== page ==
According to folklore, there are any number of haunted Irish castles, but surely among the most famous of these is Leamaneh Castle. Both the castle and Red Mary, this most famous of all its inhabitants, are well known in Irish folk culture for their notoriously bloody past.
The Grand Castle
Although now little more than a shell, Leamaneh Castle was once a fine building situated between Inchiquin and Kilfenora on the edge of the Burren in County Clare. A stronghold of the O’Brien clan, it was inherited some time in the 1630s by Conor O’Brien. He and his wife, Mary MacMahon, also known as Máire Rua MacMahon or Red Mary, added various extensions and outbuildings until the castle become one of the grandest in the country. These extensive works were possible due to her considerable wealth, which she inherited after the death of her first husband, Daniel Neylon. She and Daniel had three sons, but after his passing she married Conor and bore him several more children. Together they made the castle into a truly magnificent residence. Today it is abandoned, empty and known as one of the most haunted Irish castles. However, it stands proudly isolated, and it is easy to imagine how imposing it must have been all those years ago.
A Fiery Lady
Mary was aptly named, not just for her flaming red hair but also her foul temper, which was legendary. It is said that if a servant were foolish enough to displease her, they would be hung out of one of the castle windows, the men by their necks and the women by their hair. If the maids did not learn to bend to her will, she would punish them by cutting off their breasts. Another story tells that she kept a stallion in her stables and would challenge visitors to ride it. Once the beast was released from its bridle, it would run wild, galloping towards the Cliffs of Moher, where it would suddenly stop, hurling its poor victims over the cliff to their death. The word Leamaneh even translates as ‘horse’s leap.’
Even her husband did not escape her wrath. Mary would often ride with her husband at the head of his troops, but when one skirmish went tragically wrong, she displayed more steel than anyone could imagine possible. O’Brien was extremely vocal in his criticism of Cromwell, leading Parliamentarian General Henry Ireton, also Cromwell’s son-in-law, to send five men to shoot him. Although the attack was not fatal, Conor was wounded. Mary retaliated by ordering the man to be captured, after which she had him hanged. Perhaps mindful of the dangers of provoking such a powerful enemy, she advised her sons to surrender to Parliament, but Conor once again made a move against Ireton. A battle at the pass of Inchecroghnan resulted in Conor being wounded severely. As his soldiers brought him back to the castle, Mary is said to have shut the gates. It is recorded that far from showing sympathy, Mary shouted at them from the top of the tower, saying, ‘What do I want with dead men here?’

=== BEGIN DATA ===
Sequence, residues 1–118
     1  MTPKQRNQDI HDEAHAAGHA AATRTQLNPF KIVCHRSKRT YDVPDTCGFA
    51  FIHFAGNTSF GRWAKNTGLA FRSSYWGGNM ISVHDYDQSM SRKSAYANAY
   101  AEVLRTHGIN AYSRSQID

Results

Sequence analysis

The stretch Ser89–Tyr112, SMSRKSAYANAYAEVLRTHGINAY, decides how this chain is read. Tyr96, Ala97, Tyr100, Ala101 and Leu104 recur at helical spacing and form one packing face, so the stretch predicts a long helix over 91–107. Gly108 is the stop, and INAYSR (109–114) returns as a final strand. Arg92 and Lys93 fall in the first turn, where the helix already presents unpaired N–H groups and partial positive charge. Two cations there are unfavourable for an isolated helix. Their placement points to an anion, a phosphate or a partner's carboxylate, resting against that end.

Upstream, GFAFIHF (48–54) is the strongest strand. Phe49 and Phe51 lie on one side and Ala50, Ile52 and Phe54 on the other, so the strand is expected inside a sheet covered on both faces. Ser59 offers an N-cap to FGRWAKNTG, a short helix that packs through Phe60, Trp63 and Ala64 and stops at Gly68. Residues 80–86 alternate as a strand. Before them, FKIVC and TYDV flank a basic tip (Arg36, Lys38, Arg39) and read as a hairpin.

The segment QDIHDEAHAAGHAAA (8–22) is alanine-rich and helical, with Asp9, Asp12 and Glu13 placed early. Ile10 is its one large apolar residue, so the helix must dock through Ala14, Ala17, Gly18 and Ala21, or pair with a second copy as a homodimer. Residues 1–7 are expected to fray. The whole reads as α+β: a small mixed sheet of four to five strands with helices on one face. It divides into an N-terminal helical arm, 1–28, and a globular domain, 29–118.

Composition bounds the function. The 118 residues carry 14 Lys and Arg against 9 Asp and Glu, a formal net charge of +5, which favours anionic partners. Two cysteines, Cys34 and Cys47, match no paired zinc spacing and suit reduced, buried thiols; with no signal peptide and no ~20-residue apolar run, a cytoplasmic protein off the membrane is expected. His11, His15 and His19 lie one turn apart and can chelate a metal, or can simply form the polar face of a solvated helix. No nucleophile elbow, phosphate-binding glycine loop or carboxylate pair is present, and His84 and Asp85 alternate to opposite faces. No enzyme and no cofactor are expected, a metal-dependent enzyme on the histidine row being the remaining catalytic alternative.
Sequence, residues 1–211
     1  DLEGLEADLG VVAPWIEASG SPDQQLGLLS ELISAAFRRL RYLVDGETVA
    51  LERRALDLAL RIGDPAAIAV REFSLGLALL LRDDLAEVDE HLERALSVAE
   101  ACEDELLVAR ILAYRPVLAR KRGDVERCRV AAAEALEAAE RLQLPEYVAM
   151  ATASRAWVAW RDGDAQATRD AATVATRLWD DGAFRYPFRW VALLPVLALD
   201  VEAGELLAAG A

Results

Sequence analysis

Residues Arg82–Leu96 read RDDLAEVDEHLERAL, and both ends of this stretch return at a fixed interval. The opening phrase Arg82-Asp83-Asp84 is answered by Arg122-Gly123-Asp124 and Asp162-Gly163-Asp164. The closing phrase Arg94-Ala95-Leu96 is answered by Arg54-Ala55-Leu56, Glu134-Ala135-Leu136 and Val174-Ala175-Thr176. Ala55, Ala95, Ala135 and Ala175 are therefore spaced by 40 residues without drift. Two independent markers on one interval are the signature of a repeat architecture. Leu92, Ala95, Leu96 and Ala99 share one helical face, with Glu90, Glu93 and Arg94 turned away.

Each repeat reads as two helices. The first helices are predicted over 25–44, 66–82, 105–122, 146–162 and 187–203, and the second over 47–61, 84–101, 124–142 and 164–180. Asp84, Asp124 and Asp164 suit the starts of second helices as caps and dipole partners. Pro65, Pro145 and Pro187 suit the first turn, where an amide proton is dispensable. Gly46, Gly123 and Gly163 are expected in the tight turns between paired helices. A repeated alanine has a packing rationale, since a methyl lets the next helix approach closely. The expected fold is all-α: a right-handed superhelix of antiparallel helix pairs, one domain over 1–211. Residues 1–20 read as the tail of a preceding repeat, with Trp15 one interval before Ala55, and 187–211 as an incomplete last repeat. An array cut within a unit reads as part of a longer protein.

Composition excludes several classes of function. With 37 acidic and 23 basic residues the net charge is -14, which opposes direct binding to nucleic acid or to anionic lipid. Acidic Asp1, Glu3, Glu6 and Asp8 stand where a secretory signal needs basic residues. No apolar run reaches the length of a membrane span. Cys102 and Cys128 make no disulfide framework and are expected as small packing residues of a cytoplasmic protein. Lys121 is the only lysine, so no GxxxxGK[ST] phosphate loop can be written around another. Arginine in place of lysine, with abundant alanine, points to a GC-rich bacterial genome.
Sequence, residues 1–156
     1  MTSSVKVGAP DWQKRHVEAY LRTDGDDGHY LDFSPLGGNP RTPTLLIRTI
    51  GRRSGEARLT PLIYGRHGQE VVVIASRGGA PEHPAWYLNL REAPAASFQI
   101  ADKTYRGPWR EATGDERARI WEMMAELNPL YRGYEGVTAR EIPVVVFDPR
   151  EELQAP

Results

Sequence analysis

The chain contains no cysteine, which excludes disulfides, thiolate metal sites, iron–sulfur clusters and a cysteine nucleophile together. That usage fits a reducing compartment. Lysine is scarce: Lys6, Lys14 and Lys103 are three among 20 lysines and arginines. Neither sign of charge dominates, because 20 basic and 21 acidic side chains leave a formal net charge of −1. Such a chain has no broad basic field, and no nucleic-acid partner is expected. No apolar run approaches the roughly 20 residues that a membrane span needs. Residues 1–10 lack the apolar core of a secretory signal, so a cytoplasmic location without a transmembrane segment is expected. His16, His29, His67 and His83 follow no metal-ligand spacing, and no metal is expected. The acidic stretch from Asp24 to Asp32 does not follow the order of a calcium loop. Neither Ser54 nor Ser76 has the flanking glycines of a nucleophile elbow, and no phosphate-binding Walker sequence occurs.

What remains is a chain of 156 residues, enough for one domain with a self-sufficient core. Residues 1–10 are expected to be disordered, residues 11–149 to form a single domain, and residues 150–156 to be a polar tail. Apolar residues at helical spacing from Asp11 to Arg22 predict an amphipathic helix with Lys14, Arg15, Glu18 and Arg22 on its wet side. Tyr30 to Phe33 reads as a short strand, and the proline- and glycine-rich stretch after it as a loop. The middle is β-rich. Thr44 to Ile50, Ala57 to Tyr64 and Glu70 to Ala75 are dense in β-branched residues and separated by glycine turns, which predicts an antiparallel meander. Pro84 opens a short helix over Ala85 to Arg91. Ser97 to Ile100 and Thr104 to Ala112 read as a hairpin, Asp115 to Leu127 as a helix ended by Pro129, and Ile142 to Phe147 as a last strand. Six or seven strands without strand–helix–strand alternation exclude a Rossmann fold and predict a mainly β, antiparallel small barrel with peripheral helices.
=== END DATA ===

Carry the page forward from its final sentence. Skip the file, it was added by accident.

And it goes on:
She is later said to have relented and nursed the mortally wounded Conor until he died. But realising that she might now lose her home, the ever-practical Mary was forced to go on the offensive. Dressing herself in silver and blue, she called for her coach and proceeded to travel to Ireton’s outpost in Limerick. Stopped at the gate, she cursed and screamed until Ireton appeared. He demanded to know why she was there, and Mary replied that she had been Conor’s wife the day before but was his widow now. Ireton was disbelieving, so in order to prove her claim Mary offered to marry any one of his officers who would take her. Captain John Cooper took her at her word, enabling her to secure her property for her sons’ future.
The Much-Married Widow
This union with the brave (or foolhardy) Cooper was not without its difficulties, the most serious of which apparently occurred when Cooper made a disparaging comment early one morning about her former husband. Mary was allegedly so furious that she leapt out of bed and kicked him in the stomach, and he died.
There are so many stories about Máire Rua and Leamaneh Castle that it is impossible to separate fact from fiction. Whilst it seems likely that she had at least three husbands, it is less easy to verify how many others there were. It is said that after John Cooper died she went on to marry a further 25 men, each for just a year and a day. After this time, each of them could divorce the other. Some stories say that she merely put each unwanted husband into a house with a servant and banned them from entering the marital property, whilst other tales tell that Red Mary simply killed each man once he had outlived his usefulness. It is hardly surprising then that Leamaneh is said to one of many Haunted Irish Castles.
A Grim End
With so many ongoing feuds, it’s no wonder that Red Mary reputedly came to a very bad end. After the death of her last husband, it is alleged that she was captured by a group of her enemies and taken to a hollow tree. Here she was fastened up and left to die of starvation. It is not clear exactly where she was buried, but her red-haired ghost is said to appear in two different places. One of these is a Druid’s Altar near Clare Castle, whilst others say she walks the halls of Leamaneh Castle, giving it the reputation as being one of the most haunted Irish castles.